N.Y. set to pass 1st gun bill since Conn. shooting
ALBANY, N.Y. (AP) -- New York lawmakers were poised to vote Monday night to enact tougher anti-violence legislation in what would be the nation’s first gun control measure following last month’s Connecticut school shooting.
"I think when all is said and done, we are going to pass a comprehensive gun bill today," Sen. Jeffrey Klein told reporters. "I’m very excited about it. I am very confident we are going to vote on a comprehensive bill that will be agreed on by the governor, the Senate and Assembly."
People familiar with negotiations said a tentative deal was struck over the weekend following the push made by Gov. Andrew Cuomo last week in his State of the State speech.
The package hits on several fronts including a much tighter assault weapon ban and restrictions on ammunition and the sale and storage of guns, according to final provisions obtained by The Associated Press. The package would also create a mandatory police registry of assault weapons under a more restrictive definition.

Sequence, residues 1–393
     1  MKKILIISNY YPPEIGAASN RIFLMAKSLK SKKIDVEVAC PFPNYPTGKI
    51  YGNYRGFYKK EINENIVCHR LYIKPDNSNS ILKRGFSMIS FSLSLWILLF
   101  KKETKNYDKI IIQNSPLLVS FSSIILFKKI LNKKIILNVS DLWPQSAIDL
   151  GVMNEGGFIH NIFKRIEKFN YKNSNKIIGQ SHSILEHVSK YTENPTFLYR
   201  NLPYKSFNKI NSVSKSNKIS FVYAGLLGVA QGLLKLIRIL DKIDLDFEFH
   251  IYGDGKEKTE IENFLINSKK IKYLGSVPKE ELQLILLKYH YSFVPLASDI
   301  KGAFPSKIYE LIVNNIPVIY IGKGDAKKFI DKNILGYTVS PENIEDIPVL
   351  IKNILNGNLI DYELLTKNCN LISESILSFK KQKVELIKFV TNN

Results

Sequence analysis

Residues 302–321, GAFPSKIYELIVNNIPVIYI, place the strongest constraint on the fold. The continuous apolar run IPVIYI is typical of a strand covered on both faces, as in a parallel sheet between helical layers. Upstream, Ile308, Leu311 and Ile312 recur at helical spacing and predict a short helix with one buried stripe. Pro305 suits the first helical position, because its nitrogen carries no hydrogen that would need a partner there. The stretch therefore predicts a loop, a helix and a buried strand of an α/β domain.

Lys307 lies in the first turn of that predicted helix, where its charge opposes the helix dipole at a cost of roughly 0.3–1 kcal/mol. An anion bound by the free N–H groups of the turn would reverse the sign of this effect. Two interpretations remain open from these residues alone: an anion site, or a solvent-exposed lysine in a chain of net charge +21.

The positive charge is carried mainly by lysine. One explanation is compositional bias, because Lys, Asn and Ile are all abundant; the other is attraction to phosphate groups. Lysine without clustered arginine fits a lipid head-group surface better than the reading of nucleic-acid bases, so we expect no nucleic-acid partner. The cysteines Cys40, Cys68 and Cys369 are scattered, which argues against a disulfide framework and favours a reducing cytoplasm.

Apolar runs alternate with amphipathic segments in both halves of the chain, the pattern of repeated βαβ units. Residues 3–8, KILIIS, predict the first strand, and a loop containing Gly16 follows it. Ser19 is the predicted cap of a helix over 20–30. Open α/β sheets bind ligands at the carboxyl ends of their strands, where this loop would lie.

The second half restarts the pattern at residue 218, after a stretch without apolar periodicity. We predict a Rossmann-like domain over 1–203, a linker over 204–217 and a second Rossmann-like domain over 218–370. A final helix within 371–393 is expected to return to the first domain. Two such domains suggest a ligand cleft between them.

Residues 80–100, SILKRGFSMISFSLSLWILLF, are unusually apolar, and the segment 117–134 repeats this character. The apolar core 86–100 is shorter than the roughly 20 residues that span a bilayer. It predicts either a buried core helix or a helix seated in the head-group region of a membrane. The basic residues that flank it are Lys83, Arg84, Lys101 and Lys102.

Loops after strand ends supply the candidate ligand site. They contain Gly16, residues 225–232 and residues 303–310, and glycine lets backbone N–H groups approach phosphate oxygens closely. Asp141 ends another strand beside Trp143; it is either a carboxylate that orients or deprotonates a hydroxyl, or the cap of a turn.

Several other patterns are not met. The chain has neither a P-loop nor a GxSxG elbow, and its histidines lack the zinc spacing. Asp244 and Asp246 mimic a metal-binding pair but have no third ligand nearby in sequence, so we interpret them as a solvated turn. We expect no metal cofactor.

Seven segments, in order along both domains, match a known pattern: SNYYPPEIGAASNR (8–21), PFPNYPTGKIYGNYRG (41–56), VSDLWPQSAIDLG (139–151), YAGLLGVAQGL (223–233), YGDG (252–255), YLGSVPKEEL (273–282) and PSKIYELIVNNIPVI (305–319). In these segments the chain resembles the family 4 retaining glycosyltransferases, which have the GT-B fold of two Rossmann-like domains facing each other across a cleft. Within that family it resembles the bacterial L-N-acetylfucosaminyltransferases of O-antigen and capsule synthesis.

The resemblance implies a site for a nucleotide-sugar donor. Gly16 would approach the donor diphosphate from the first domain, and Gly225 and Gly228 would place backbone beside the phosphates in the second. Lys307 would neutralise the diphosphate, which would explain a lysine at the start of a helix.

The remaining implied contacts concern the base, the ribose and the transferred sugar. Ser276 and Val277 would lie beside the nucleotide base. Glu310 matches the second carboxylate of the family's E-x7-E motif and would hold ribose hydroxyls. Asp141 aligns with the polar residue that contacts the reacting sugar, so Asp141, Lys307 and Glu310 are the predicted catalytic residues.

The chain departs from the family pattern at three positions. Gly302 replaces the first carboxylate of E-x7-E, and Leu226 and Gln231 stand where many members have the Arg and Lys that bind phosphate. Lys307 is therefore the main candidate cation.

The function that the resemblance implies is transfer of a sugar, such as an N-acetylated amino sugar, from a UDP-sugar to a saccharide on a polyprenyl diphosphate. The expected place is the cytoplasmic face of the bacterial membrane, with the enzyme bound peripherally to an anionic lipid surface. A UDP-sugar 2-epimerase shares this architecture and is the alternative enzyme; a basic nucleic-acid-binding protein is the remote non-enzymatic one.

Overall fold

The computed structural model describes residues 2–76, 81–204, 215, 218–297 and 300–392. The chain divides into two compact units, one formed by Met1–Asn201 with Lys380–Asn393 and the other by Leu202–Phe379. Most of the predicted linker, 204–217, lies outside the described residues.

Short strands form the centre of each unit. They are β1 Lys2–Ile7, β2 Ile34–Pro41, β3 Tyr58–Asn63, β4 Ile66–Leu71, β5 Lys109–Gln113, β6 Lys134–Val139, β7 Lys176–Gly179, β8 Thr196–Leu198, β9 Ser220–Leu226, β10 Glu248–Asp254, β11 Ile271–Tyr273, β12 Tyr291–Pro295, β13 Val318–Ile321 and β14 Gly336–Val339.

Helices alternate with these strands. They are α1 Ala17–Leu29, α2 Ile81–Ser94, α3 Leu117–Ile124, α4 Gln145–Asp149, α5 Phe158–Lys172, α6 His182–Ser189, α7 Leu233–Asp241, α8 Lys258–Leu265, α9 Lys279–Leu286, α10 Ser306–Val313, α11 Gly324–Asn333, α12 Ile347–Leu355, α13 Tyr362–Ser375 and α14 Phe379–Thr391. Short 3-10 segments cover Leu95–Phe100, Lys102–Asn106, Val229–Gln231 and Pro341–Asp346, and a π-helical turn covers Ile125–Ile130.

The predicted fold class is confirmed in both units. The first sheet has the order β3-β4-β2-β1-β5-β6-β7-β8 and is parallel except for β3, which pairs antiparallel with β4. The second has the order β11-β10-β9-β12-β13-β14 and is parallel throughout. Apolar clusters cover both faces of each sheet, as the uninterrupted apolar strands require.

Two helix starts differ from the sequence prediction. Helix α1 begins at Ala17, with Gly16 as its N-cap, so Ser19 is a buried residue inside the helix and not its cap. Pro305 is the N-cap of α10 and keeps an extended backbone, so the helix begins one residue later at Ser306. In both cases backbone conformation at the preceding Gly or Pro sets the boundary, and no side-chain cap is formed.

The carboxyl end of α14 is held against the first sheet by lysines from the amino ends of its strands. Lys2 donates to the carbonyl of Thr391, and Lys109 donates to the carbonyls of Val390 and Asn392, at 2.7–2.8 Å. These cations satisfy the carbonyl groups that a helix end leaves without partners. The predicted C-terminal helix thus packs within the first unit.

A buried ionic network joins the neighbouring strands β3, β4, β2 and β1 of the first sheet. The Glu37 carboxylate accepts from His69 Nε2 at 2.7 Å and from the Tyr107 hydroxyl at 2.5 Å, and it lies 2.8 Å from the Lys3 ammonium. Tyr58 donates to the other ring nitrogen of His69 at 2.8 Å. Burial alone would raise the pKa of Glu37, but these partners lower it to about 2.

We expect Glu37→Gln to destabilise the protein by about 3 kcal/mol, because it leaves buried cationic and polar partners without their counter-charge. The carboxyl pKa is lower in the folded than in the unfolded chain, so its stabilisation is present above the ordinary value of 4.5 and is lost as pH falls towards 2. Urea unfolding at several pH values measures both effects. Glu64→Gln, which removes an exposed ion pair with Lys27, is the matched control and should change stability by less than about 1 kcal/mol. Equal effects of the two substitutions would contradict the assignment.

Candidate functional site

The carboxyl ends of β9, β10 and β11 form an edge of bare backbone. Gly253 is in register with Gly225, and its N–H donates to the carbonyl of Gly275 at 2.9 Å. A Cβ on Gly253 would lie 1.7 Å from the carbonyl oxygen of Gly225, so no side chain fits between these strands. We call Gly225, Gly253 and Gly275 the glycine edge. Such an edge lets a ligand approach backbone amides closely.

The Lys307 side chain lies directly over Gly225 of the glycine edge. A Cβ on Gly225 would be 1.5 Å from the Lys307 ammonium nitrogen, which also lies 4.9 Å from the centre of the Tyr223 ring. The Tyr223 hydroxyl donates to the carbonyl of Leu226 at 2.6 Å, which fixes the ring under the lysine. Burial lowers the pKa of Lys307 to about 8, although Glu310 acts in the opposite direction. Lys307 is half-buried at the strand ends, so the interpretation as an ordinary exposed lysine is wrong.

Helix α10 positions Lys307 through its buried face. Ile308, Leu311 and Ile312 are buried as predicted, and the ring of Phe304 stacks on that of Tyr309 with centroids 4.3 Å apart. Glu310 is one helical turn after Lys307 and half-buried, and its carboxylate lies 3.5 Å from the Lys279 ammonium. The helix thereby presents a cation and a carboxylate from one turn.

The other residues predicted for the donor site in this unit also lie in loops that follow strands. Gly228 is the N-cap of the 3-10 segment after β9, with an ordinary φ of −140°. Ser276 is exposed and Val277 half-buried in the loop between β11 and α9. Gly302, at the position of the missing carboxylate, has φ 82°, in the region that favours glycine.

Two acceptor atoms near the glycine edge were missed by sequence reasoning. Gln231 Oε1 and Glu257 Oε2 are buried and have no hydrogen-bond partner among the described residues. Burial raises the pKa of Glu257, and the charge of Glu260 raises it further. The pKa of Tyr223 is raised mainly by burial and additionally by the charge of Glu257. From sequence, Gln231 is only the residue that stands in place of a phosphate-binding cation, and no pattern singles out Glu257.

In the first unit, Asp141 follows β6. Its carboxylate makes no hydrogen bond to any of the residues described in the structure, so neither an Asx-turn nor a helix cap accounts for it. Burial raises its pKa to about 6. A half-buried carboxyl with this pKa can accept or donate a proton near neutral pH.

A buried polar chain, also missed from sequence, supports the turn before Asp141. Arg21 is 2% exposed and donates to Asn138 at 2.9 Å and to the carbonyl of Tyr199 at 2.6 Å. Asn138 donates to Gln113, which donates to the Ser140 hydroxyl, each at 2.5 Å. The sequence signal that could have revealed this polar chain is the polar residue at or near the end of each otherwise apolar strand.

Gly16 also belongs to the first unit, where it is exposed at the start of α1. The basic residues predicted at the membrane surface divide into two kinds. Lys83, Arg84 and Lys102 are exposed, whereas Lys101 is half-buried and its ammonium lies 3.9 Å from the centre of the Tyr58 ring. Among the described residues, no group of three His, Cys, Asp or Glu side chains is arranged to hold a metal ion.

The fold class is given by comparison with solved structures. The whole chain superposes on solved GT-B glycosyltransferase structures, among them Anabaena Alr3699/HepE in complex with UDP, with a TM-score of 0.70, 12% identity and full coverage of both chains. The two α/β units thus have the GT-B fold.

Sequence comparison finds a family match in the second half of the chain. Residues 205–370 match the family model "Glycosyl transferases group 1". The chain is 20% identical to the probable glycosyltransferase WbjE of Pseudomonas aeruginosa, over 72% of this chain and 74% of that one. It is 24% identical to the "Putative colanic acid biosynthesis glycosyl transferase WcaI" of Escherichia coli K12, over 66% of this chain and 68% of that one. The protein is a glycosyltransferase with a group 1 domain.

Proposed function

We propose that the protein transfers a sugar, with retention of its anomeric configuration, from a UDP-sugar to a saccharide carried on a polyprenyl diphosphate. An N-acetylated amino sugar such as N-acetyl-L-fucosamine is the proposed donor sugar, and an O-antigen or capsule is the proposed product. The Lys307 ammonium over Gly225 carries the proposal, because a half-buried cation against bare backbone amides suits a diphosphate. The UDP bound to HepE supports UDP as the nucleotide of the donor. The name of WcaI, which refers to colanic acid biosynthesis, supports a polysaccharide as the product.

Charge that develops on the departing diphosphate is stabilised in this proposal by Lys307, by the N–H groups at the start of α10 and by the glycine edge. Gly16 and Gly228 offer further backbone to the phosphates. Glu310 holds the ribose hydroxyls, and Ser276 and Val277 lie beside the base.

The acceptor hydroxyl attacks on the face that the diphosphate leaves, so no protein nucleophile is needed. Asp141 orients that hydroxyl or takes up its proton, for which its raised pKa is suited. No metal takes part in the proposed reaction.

All private sales would be subject to a background check done through a licensed dealer and the bill would require the reporting of mentally ill people who say they intend to use a gun illegally, according to the provisions confirmed by five legislative officials.
Under current state law, assault weapons are defined by having two features spelled out in law. The proposal would reduce that to one feature and include the popular pistol grip.
Private sales of assault weapons to someone other than an immediate family would be subject to a background check through a dealer.
Also Internet sales of assault weapons would be banned, and failing to safely store a weapon could be subject to a misdemeanor charge.
Ammunition magazines would be restricted to seven bullets, from the current 10, and current owners of higher-capacity magazines would have a year to sell them out of state.
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